La Plata Electric Association board members Wednesday approved a community solar garden program to increase development of renewable energy and allow small users to own part of a power-generating facility.
A community solar garden, or CSG, broadens participation in power generation by bringing into the game people who can’t install a rooftop solar array for financial, space or home-orientation reasons.
A CSG also allows renters, low-income families, communal living groups, nonprofits and subdivisions to join in producing green energy.
Three board members worked for months with LPEA engineers and financial staff to develop the program. After 90 minutes of discussion, amendments and motion changes, the vote was 9-2.
Heartwood, a 24-unit communal living arrangement near Bayfield, and Twin Buttes, a subdivision with a potential of up to 600 units west of Durango, are the most-mentioned creators of a CSG.
Proposals to develop a community solar garden must be received at LPEA by the end of the year for implementation in 2014. Total electrical production for the coming year would be capped at 2 megawatts, enough power for 365 homes.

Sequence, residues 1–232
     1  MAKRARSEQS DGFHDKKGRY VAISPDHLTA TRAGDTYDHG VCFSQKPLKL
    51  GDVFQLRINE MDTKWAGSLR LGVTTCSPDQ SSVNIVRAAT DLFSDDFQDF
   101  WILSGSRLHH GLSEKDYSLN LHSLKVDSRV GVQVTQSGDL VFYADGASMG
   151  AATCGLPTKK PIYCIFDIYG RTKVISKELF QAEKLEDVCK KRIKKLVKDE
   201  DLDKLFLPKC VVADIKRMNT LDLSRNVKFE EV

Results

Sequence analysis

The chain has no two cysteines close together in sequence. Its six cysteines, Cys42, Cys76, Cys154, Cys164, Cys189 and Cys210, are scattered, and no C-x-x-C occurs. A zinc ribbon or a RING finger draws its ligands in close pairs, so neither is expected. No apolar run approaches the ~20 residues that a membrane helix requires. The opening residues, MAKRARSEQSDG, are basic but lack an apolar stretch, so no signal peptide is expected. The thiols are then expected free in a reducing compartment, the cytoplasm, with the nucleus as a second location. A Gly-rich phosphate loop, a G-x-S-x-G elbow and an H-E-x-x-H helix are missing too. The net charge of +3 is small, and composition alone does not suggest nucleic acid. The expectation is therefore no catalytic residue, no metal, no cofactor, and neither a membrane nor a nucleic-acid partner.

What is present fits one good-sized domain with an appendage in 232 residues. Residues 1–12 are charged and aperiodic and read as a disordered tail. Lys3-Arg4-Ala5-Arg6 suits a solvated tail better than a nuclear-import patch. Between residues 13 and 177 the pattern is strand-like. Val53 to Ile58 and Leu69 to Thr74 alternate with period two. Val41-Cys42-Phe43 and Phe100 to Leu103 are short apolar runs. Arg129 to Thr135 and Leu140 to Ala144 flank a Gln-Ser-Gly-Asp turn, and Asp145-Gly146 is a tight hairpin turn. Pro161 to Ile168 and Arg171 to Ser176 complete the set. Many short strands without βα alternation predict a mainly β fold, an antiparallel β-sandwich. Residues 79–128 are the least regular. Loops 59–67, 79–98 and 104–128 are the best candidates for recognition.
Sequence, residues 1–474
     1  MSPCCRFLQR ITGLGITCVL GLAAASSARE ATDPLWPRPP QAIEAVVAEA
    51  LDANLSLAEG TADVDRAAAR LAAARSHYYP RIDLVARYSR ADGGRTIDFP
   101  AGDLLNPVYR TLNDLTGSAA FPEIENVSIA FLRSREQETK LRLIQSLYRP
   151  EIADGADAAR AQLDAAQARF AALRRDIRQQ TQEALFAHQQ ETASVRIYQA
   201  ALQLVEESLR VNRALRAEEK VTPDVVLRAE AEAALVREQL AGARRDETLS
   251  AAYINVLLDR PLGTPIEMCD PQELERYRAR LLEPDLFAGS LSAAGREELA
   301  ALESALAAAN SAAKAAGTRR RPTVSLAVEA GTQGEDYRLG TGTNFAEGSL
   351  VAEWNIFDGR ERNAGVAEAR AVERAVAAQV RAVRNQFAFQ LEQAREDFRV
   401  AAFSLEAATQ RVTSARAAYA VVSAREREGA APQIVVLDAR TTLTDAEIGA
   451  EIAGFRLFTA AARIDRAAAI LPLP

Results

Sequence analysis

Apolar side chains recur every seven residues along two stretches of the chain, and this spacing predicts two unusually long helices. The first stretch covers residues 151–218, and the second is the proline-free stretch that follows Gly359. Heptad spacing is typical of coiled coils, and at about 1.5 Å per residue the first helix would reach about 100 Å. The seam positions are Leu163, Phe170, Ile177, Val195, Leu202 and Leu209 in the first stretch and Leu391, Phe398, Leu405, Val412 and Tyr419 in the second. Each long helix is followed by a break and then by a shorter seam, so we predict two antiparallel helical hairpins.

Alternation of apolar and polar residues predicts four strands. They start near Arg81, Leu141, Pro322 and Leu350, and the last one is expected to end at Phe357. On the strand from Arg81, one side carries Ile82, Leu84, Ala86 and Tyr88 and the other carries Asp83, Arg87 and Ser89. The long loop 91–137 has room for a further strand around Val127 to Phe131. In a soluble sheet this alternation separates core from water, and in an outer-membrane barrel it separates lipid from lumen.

LPEA is limited by its power supplier, Tri-State Generation and Transmission, to produce no more than 5 percent of its electricity from alternative sources – mainly solar with a little hydro.
The cooperative currently produces about 4 percent of its energy from green sources.
Community solar gardens could help users offset the cost of electricity by selling power to LPEA, which in turn would sell it to Tri-State.
LPEA and Cortez-based Empire Electric, another member of the electric cooperative, recently filed a complaint with the state Public Utilities Commission charging that Tri-State wholesale rates discriminate against them, particularly in efforts to save electricity and shift use to off-peak time.
Under the new program, a minimum of 10 members would be required to establish a solar garden program.
But even with the full 2 megawatts of solar production, rate payers would be assessed $7.27 per meter at year’s end to cover increasing costs to LPEA, board members learned.
Dr. Richard Grossman, a Heartwood resident, was pleased with the LPEA board vote.
“We’ve been interested for more than five years in establishing a solar-energy cooperative,” Grossman said. “The cost of solar is coming close to affordability.”
Five of the 24 homes in Heartwood currently have some aspect of solar use, Grossman said. Some of the units can’t accommodate rooftop solar arrays, so a common facility would be necessary.
The community solar program requirements presented to the board Wednesday was draft No. 9 and filled six pages.